I found the gender and leadership lesson to be particularly interesting as a woman who has been in the Marine Corps for over 16 years. The Marine Corps has roughly 184,000 military members, the smallest of any branch of service, with females making up only 8% of this number at 15,000. Just to give a comparison, the Air Force with the second lowest female’s serving at 16% with 51,000. Northouse (2016) breaks it down military-wide by stating that only 6.9% of all flag officers (generals and admirals) are women. And I can guarantee that those women had to work even harder to get to those ranks.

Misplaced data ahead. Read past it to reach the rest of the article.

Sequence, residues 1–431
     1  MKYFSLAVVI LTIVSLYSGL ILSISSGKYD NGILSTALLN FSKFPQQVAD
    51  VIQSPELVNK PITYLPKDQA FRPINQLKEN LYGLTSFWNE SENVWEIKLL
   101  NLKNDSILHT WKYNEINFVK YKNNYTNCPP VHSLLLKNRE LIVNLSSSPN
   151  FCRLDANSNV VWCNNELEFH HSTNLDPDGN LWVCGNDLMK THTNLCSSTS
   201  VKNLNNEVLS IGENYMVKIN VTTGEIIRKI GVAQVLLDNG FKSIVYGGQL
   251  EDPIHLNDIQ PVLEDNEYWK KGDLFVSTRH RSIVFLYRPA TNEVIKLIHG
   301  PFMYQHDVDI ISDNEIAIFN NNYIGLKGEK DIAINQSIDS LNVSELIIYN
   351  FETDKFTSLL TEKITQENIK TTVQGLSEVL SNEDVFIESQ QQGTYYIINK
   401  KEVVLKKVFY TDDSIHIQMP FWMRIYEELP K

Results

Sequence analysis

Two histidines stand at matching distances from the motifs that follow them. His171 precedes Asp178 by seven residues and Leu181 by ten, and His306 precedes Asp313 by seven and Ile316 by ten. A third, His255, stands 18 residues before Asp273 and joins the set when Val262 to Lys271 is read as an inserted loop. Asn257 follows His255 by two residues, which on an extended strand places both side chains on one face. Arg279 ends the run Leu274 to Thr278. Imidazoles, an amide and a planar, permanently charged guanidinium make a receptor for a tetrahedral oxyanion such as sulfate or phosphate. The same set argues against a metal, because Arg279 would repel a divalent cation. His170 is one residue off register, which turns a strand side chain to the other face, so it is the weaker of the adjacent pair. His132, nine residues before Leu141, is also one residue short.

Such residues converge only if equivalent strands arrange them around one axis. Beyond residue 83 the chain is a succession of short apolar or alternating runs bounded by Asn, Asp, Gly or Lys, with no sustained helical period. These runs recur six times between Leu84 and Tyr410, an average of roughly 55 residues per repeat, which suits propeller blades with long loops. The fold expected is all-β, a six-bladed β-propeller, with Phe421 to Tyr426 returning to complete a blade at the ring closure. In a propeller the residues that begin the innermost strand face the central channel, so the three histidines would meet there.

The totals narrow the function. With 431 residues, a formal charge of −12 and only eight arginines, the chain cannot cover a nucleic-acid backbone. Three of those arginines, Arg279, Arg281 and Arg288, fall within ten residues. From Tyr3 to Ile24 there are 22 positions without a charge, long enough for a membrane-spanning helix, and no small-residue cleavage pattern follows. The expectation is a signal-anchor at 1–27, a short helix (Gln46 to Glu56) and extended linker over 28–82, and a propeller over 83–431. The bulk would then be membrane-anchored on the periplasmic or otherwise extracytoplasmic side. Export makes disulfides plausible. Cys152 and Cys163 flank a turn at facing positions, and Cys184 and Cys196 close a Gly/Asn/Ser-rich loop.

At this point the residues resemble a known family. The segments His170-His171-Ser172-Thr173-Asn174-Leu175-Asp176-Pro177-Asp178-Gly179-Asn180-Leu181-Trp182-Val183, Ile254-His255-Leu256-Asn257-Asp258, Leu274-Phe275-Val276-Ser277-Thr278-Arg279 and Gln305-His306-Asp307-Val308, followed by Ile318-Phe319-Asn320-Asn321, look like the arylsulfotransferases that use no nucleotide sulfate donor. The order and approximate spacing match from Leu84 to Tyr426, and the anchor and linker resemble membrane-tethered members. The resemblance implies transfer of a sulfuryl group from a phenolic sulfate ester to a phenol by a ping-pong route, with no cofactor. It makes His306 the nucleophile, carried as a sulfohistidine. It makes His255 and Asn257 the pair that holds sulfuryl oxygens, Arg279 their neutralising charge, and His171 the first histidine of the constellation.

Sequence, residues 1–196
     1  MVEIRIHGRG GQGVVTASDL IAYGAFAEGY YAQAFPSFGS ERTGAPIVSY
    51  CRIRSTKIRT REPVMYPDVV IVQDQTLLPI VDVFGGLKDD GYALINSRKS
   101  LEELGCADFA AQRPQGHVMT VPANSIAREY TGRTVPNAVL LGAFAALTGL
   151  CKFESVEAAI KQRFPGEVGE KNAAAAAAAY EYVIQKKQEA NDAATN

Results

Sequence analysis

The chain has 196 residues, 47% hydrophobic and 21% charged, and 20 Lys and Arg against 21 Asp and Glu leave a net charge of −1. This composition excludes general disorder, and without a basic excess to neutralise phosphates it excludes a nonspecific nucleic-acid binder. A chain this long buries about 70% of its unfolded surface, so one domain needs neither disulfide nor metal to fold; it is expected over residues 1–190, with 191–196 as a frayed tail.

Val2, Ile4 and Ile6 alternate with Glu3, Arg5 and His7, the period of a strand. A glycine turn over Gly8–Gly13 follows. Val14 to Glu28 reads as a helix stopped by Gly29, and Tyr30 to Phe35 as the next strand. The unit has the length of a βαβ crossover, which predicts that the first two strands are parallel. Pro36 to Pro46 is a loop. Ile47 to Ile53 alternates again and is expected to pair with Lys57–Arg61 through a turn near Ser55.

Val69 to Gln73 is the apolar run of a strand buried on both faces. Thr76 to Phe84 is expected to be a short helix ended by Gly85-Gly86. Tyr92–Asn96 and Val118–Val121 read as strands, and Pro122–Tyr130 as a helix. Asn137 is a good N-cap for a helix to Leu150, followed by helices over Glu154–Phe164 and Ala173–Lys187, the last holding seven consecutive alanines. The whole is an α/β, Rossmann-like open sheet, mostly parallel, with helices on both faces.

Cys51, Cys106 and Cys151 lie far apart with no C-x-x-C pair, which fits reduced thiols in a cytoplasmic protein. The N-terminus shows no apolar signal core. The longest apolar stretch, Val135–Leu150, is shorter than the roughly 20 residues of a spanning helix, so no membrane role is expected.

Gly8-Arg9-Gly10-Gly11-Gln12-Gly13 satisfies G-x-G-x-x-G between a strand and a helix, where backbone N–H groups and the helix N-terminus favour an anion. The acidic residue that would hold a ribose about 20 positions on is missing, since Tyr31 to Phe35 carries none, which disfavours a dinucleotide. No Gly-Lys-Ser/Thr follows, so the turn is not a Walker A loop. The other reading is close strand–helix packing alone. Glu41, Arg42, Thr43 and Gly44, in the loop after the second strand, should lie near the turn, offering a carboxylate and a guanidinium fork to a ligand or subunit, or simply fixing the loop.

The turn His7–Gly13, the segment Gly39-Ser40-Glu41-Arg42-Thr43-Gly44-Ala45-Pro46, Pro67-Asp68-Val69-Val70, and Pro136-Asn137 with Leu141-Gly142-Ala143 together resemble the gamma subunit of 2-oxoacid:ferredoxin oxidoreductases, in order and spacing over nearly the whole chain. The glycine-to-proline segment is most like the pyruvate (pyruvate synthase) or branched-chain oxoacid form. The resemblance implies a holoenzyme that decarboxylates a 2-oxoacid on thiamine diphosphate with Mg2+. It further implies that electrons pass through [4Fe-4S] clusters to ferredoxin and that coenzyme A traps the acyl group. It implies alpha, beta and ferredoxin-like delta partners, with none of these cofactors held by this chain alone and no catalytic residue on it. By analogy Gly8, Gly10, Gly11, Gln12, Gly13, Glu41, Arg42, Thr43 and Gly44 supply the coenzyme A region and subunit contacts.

Northouse (2016) describes the gender leadership difference as the leadership labyrinth which revolves around three types of explanations. The first explanation that Northouse describes is a difference in human capital or the idea that women have less investment in education, training, and work experience in comparison to men (pg. 399). Northouse then goes onto to explain that women now are earning the same level of education, if not more than that of males, but still are not represented in top leadership positions. A second explanation is regarding women’s work experience, specifically continuity as women are expected to maintain domestic duties and raise children. This was a topic of focus in the women in occupations class that I took and found it particularly interesting. Women all over the world are expected to work and raise children, or if they choose to work and not have children they are often judged and on the opposite spectrum, if they choose to have children and not work they are often judged. It is also particularly hard in the Marine Corps as well. For a lot of females, the moment you say you are pregnant, you are being judged as trying to get out of deployments, or exercises or training. You then work until the day you give birth with the only limitation being you cannot be forced to work over 40 hours a week in your third trimester. You received six weeks of maternity leave and went back to work, and then expected to be back to physical standards at six months and pass a physical fitness test. Women who struggle with weight and physical fitness after pregnancy are often looked down upon by male Marines and are at risk of receiving negative marks at the time of performance evaluations, which ultimately affects your ability to move up in your career. Then dealing with sick children, is a whole other ordeal. I had a Captain I worked for (he did not have children at the time), told me I should have a family care plan for someone to take care of my child when he was sick, which is not what the family care plan is designed for, and at the same time my then-husband was also active duty automatically expected me to stay home with our sick child. I found myself having to flat out tell him his career was no better than mine and he was going to have to cover mornings or afternoons and I would get the other. Even with the ever-changing times, and more women in the workforce than ever, it seems there is a damned if you do and damned if you don’t situation for many women when it comes to career and family life.